May 5, 2018 | Source: Lubbock Avalanche-Journal
By Sarah Self-Walbrick
The annual Lubbock Area United Way campaign kicks off each fall with the goal of raising millions of dollars to support the agency’s 23 community partners and help more than 100,000 people.
In 2017, the campaign raised over $6.1 million. Jon Stephens, the 2017 campaign chairman and Lubbock market president at SouthWest Bank, said at the campaign kickoff luncheon in August that the goal was ambitious, but achievable, and necessary to help causes in the community.
The Lubbock Area United Way aids various needs including affordable child care, crisis situations, character development, adult literacy, job training and youth and mentoring, among others.
“These are serious and pressing problems,” Stephens said. “Our challenge as a community is to meet these needs and give our neighbors hope. That’s what the United Way and its community partners do day in and day out.”
In three months, with the help of businesses, organizations and individuals, the campaign goal was exceeded by thousands of dollars.
One important group that helps during the campaign is the Loaned Executive Program. The group is comprised of individuals recruited each year from local corporations and small businesses, according to the Lubbock Area United Way website. Participating organizations loan a representative during the fall to assist and encourage other campaigns.
Seth Schulz, assistant vice president at PlainsCapital Bank, was the 2017 loaned executive chairman. Schulz participated in the loaned executive program for five years, culminating to being the leader of the group.
Through his years in the program, Schulz said he learned more about the community and those who are ready to help.
“Having the opportunity to be a Loaned Executive is truly a blessing,” Schulz said. “With the Lubbock Area United Way being as broad-reaching as it is, it gives you the opportunity to give back and help address many needs in our community. You also have the added benefit of being able to network and meet many great people in our area that have a heart to help, give and make a difference.”
The joy of being involved and making a difference was the most satisfying part of the volunteering experience, Schulz said.
Kyle Jacobson, director of government relations at the Lubbock Chamber of Commerce, was a first-year loaned executive in 2017. He said the chamber tries to have someone on the team each year, and he was honored to be last year’s representative.
As a young professional in Lubbock, Jacobson said participating in the program was a new experience that showed him more of the city.
“My eyes were opened to some of the struggles that people in Lubbock face, but more importantly the progress that’s being made with resources like the United Way to help people in need,” Jacobson said. “If someone has a heart to serve but doesn’t know where to start, being a loaned executive can provide you with information about local organizations that might help point you in the right direction.”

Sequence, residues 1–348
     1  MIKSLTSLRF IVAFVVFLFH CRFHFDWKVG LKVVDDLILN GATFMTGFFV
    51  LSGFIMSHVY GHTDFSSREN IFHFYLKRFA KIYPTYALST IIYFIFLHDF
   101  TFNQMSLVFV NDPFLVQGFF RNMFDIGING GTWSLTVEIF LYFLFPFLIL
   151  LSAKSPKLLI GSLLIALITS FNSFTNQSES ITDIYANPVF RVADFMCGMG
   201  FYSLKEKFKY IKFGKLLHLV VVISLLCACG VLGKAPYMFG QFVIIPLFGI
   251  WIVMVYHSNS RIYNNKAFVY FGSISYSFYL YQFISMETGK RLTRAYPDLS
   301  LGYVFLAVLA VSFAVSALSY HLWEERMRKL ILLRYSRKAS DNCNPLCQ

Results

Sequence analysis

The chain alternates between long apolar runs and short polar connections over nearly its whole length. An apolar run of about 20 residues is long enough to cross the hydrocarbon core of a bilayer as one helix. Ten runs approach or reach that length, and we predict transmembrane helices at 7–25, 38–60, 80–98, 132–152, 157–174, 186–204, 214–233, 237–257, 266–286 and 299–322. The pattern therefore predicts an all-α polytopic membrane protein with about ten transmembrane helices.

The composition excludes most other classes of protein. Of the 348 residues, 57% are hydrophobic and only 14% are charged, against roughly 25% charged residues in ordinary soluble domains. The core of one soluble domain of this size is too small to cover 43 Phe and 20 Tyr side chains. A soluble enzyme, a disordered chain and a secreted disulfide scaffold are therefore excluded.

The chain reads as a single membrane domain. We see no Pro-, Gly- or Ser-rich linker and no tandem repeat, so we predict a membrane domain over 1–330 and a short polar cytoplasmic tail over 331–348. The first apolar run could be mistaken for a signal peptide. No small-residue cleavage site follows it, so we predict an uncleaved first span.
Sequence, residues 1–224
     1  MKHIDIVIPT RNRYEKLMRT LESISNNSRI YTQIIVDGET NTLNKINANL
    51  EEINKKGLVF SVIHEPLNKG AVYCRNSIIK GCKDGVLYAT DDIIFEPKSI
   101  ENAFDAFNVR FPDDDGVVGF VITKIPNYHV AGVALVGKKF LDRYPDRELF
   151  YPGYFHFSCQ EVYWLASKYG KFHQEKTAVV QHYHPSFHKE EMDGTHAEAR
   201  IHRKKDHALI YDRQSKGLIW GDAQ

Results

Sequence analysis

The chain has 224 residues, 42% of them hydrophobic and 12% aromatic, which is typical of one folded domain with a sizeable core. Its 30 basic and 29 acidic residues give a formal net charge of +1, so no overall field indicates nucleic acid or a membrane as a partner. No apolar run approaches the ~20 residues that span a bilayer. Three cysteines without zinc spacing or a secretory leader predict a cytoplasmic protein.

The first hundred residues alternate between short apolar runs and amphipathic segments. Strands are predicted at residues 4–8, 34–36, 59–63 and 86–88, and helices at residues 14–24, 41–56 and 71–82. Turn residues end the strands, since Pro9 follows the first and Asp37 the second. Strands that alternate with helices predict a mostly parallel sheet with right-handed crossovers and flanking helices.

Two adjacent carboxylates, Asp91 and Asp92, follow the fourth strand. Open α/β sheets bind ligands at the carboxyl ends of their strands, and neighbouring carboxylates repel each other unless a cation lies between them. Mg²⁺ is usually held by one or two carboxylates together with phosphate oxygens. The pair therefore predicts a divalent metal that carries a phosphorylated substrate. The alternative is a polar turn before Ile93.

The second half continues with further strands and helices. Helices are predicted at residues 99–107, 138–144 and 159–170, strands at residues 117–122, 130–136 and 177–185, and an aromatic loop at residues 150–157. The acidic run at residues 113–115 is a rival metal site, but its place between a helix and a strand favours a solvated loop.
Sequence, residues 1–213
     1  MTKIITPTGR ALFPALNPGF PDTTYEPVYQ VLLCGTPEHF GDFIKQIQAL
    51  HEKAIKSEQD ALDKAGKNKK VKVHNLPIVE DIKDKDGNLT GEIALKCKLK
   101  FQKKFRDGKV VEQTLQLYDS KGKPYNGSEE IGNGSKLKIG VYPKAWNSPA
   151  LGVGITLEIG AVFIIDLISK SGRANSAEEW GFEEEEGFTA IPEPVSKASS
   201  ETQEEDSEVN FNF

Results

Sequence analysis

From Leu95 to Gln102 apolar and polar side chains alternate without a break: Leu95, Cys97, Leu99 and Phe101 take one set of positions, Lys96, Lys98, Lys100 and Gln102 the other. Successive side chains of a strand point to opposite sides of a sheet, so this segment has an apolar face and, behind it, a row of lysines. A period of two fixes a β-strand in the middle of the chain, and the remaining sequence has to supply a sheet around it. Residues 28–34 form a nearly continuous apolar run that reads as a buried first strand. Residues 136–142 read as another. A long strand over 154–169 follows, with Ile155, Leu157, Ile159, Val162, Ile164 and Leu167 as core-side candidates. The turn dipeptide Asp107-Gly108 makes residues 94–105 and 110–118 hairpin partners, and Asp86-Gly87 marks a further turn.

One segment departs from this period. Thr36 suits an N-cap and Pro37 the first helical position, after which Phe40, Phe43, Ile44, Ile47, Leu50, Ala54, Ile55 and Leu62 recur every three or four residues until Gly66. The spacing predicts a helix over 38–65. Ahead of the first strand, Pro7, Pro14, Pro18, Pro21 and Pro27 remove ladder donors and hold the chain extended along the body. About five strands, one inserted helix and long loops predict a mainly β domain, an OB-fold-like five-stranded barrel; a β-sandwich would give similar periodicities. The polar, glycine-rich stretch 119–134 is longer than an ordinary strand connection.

Jacobson said being a loaned executive helped him find ways to get more involved in the Lubbock community and do his part.
“It provided me with a deeper sense of connection and responsibility to help those in need whenever I’m able to,” Jacobson said.
Shannon Sudduth, media relations at Lubbock Christian University, said she had previously volunteered with some of the Lubbock Area United Way’s partner agencies, the Salvation Army and Big Brothers Big Sisters, but that serving as a loaned executive exposed her to other nonprofits and causes.
Seeing the progress of the business campaigns Sudduth helped with was one of the most rewarding aspects of being a loaned executive, she said.
“Seeing your assigned company’s campaigns grow 50 to 100 percent from the previous year is very inspiring, making you want to work even harder the next year to raise more money for the 23 agencies,” Sudduth said. “As an LE, you are educated about how diligent the United Way of Lubbock works at determining how to allocate the money raised for the agencies, and you get to see first-hand that the money is being allocated to.”
All three loaned executives described the volunteer experience as rewarding and encouraged any one who wants to participate as a representative from their business to do so.
The annual Lubbock Area United Way campaign launches in August of each year and concludes in November. To get involved with the organization, visit liveunitedlubbock.org.